Great Barrier Island: a remote gulf paradise we associate with lush forests, deserted white sand beaches and - this weekend - aliens.

A high-powered panel - including the Pope's astronomer - today descended on the island for a left-field festival focused on the question of other life in the universe.

The day-long series of talks at the island's sports club, also featuring the Weta Digital creative art director behind the movies Avatar and King Kong, was the brainchild of the Awana Rural Women group, run by some of the 939 inhabitants on the island.

The event was a hit: airlines to the island had to put on extra flights and every hire car was booked.


Under sunny skies between presentations, world-renowned planetary scientists and astro-biologists mingled with islanders over a sausage sizzle and tuna sandwiches.

"I'm really surprised that we've got everyone from nine months old to 90 years old here, listening to philosophers, microbiologists and astronomers," the group's president, Gendie Somerville-Ryan, said.

The mind-boggling question at the centre of it all - is there life out there? - wasn't a far fetched one, as far as Vatican Observatory director Brother Guy Consolmagno was concerned.

The Detroit raised, M.I.T-educated astronomer, who could request an audience with his boss, Pope Francis, if he wanted to, said big leaps in technology had made finding other life a very real prospect - and an exciting time to be in his field.

Read more: Professor Steve Pointing: Will we find alien life this century?

"The US is involved in a new telescope project in Chile, you've got the Square Kilometre Array radio telescope and the James Webb Space Telescope being constructed, and surely our rate of being able to make big discoveries must be about to increase quite dramatically," he said.

Great Barrier islanders hear from Auckland University philosopher Professor Tim Mulgan. Photo / Jamie Morton
Great Barrier islanders hear from Auckland University philosopher Professor Tim Mulgan. Photo / Jamie Morton

"I wouldn't be surprised if we find microbial life in our solar system in my life time.
"I think that would be perfectly reasonable - and I would not be surprised, if 20 years from now, with the next generation of telescopes, that we were able to find bio-markers in atmospheres of planets around other stars."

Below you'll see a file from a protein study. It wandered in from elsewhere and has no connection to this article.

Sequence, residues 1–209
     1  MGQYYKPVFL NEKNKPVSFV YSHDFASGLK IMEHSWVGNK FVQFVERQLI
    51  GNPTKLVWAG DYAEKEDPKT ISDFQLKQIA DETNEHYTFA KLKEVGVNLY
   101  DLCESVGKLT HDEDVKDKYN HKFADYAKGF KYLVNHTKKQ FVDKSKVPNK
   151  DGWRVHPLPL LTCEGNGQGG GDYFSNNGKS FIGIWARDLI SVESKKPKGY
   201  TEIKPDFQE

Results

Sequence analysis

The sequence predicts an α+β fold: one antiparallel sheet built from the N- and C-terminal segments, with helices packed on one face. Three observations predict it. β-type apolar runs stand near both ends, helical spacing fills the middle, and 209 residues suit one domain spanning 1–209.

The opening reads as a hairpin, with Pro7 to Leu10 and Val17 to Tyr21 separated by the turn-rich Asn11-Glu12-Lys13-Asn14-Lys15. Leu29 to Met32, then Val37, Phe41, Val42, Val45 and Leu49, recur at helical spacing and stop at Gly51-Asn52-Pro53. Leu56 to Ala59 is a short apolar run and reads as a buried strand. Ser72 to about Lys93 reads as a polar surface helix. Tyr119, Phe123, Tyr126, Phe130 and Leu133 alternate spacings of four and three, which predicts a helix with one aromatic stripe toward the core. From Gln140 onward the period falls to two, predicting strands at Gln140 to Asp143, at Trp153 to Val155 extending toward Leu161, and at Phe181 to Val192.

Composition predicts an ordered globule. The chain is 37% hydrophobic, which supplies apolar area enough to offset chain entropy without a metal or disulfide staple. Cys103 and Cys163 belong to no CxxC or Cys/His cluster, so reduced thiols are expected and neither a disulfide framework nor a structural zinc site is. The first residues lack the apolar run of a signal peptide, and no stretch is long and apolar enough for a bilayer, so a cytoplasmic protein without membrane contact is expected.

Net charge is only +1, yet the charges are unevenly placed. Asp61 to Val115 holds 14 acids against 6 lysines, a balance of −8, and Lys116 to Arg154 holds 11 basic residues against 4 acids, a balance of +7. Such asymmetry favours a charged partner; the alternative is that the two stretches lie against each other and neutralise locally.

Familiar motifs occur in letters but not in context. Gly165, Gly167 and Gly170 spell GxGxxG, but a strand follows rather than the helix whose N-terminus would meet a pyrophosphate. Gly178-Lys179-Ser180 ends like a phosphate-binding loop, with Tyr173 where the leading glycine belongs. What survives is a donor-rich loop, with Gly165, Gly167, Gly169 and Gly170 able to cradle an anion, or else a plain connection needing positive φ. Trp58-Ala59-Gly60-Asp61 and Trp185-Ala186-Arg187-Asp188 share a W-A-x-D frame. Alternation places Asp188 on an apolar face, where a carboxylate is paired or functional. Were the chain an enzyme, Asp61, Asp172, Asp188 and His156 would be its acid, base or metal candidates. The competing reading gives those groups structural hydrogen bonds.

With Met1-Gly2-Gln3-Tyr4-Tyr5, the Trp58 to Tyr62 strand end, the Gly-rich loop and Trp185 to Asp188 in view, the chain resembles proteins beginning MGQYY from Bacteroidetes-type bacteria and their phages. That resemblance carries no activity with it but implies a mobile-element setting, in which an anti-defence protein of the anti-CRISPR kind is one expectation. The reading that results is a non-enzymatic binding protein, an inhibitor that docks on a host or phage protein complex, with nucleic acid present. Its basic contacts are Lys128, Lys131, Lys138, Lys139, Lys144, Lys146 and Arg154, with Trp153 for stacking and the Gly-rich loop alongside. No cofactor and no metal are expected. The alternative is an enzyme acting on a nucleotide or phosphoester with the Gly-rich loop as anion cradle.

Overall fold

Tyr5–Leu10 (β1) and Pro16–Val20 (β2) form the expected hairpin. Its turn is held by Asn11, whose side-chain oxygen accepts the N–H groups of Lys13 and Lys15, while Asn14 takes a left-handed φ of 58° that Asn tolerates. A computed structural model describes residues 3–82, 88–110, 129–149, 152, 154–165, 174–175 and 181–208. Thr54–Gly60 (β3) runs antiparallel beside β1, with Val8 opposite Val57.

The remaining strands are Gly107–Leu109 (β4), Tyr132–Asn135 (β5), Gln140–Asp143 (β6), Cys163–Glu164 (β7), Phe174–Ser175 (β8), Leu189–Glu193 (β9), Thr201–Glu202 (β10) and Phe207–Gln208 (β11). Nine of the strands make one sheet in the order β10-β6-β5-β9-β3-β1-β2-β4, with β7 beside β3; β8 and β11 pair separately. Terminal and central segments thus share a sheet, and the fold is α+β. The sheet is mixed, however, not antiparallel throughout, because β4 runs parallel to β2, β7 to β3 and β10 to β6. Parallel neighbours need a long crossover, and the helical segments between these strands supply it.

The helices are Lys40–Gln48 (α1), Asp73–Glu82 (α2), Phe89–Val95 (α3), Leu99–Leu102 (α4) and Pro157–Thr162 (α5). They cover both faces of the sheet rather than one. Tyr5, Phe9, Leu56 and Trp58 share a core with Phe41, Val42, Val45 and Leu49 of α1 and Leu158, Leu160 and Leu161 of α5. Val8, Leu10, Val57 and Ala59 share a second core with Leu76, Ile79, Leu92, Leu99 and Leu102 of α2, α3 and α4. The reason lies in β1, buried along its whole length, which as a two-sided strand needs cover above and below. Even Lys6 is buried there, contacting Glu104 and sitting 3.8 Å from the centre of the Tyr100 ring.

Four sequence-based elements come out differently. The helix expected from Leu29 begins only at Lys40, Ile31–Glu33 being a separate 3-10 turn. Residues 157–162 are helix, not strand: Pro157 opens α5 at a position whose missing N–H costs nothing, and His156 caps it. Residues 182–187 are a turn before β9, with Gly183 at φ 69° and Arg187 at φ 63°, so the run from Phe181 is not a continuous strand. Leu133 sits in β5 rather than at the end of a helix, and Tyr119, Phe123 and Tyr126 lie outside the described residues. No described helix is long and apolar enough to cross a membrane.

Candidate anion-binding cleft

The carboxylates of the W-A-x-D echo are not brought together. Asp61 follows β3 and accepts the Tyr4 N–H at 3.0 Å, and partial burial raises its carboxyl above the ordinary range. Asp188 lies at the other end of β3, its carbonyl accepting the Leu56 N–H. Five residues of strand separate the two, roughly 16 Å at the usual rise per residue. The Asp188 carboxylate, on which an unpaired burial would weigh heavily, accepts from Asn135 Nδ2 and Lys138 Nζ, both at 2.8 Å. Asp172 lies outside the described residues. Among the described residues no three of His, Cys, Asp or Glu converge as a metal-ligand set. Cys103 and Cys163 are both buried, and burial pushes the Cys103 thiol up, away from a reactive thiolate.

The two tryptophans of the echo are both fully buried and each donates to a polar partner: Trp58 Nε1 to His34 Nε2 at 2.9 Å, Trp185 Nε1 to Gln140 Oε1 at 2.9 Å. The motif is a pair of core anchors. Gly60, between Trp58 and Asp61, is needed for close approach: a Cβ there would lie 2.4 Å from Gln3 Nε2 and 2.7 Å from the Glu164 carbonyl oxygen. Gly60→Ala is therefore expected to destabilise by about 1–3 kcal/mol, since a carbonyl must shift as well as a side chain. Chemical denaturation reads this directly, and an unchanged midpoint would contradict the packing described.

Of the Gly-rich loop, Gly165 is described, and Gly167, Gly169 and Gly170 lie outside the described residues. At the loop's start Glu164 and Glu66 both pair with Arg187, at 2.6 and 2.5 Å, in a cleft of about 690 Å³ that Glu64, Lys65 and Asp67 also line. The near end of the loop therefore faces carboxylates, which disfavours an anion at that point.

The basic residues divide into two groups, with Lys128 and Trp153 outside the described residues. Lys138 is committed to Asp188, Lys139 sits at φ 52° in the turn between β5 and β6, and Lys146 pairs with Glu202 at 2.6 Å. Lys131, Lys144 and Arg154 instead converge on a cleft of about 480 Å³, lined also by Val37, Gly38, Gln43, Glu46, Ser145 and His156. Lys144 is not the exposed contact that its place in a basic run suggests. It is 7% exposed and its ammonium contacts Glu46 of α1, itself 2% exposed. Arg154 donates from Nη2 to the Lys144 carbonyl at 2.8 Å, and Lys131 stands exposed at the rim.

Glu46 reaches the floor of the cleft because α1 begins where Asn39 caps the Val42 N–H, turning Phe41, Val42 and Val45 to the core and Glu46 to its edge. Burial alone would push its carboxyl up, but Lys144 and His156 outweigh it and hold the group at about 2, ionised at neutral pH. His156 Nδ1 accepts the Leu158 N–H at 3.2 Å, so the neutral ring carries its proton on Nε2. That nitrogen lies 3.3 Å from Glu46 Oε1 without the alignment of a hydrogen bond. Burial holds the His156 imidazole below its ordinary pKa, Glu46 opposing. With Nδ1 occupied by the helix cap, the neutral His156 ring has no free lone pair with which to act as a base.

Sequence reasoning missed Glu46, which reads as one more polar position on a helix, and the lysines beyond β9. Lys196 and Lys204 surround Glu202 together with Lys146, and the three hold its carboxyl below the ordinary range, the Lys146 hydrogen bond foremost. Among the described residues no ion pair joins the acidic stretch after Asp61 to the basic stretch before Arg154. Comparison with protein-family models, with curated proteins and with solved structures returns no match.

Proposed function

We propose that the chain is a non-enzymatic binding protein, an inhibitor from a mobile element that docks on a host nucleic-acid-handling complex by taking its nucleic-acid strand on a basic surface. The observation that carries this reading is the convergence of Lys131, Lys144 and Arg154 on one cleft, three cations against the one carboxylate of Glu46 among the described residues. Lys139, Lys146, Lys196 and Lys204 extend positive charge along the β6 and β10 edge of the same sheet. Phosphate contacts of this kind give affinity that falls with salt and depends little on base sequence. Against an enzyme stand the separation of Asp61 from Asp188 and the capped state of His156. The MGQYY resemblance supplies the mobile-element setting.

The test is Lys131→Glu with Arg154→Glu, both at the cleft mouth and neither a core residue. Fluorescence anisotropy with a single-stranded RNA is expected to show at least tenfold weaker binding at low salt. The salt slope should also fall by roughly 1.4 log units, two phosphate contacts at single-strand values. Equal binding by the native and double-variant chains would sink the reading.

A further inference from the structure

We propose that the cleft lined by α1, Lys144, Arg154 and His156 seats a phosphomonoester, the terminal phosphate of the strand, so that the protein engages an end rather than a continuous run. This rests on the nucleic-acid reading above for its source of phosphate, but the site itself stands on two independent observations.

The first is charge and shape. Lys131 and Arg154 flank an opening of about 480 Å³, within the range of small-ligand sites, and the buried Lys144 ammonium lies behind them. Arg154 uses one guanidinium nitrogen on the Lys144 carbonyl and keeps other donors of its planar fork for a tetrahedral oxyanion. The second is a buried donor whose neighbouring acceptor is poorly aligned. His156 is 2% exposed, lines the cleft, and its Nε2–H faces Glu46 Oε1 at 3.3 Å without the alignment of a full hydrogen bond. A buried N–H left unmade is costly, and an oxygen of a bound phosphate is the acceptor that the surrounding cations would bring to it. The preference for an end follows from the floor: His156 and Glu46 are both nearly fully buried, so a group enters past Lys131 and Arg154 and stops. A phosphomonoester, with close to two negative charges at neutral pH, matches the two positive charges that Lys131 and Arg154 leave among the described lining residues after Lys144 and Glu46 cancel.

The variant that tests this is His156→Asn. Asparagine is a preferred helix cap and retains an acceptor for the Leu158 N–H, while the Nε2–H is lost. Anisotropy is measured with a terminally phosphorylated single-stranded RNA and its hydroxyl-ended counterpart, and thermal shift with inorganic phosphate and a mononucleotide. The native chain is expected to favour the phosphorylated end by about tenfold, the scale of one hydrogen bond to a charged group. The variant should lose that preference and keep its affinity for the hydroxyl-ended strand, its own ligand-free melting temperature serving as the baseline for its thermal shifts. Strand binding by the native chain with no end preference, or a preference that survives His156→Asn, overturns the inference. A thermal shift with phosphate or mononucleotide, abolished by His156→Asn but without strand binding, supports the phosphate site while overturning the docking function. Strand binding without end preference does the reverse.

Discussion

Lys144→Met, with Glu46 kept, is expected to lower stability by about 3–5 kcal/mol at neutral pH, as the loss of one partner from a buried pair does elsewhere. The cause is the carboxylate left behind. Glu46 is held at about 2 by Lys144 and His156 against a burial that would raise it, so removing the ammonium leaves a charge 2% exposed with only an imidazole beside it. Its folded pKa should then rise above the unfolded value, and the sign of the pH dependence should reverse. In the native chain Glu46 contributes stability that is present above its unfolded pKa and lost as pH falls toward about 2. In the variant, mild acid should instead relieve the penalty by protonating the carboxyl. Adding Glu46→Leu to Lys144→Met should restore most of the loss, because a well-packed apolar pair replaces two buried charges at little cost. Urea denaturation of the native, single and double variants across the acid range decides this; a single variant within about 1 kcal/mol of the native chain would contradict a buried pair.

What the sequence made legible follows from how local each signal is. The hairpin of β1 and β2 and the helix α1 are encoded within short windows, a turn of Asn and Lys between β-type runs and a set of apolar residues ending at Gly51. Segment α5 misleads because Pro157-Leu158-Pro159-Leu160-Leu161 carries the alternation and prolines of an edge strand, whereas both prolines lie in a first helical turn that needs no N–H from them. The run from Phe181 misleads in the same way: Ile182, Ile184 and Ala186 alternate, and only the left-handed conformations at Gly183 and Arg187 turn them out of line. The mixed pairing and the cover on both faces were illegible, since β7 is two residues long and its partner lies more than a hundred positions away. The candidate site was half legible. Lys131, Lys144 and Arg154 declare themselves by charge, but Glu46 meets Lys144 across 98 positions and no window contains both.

Read more: Q&A: The Pope's astronomer on faith, science and aliens

His friend and colleague, Dr Faith Vilas, a project scientist at the United States Planetary Science Institute who directs a National Science Foundation programme in charge of solar system and exoplanets grants, agreed.

"What I expect to find in my lifetime, hopefully, is that we will identify, as we've already started to do, earth-like planets that will be in zones around their respective stars that could harbour life as we know it.

"But what I hope we find within my lifetime is some level of understanding of sentient life - and that could be anything from creatures who come and talk to us, to something, if not just indications, that there is some other significant life out there."'

Great Barrier islanders Bruce Maxwell, left, and John Garlick, chat with US planetary scientist Dr Faith Vilas. Photo / Jamie Morton
Great Barrier islanders Bruce Maxwell, left, and John Garlick, chat with US planetary scientist Dr Faith Vilas. Photo / Jamie Morton

To Weta Digital's Gino Acevedo, who talked to islanders about how we imagine aliens, there's always been a strong dose of hard science in his cinematic creations.

"Space exploration and that big question, is there life out there, that's always been on my mind," he said.

"But also, when I design something, I think about what would these things look like?

"Would they look cool or creepy?"

The answer, Auckland University of Technology astro-biologist Professor Steve Pointing said, is that no-one knows.

Read more: The Big Read: Are we alone in the universe?

He expects that, rather than little green men, any life we find in the short-term is likely to be microscopic, and in our own back yard, the Solar System.

Still, islander Shona Grey said, it was all "fabulous mind food" on a sleepy, isolated island where typical pastimes were fishing, gardening and chopping firewood.

"We're just so lucky to have had all these people come out here under their own steam, and it's been absolutely fascinating," Grey said.

People will have another chance to hear from Consolmagno, Vilas and Pointing at a free lecture at the Auckland University of Technology's Sir Paul Reeves Building, Mayoral Drive, at 7.30pm on Monday night. People should register here.

Brother Guy Consolmagno, on searching for other life

"I really don't think we are going to have a crewed mission to Mars in my lifetime, and I would hope that we don't; I don't think our technology is ready for it." - on manned expeditions.

"Spending time with the universe is a great way of getting to used to creation and the creator." - on astronomy and religion

"I certainly would think that in 20 years from now, we will have strong evidence of certain planets around other stars that make us think, maybe there's life out there. But do I think we are going to get a message from space? Probably not." - on finding other life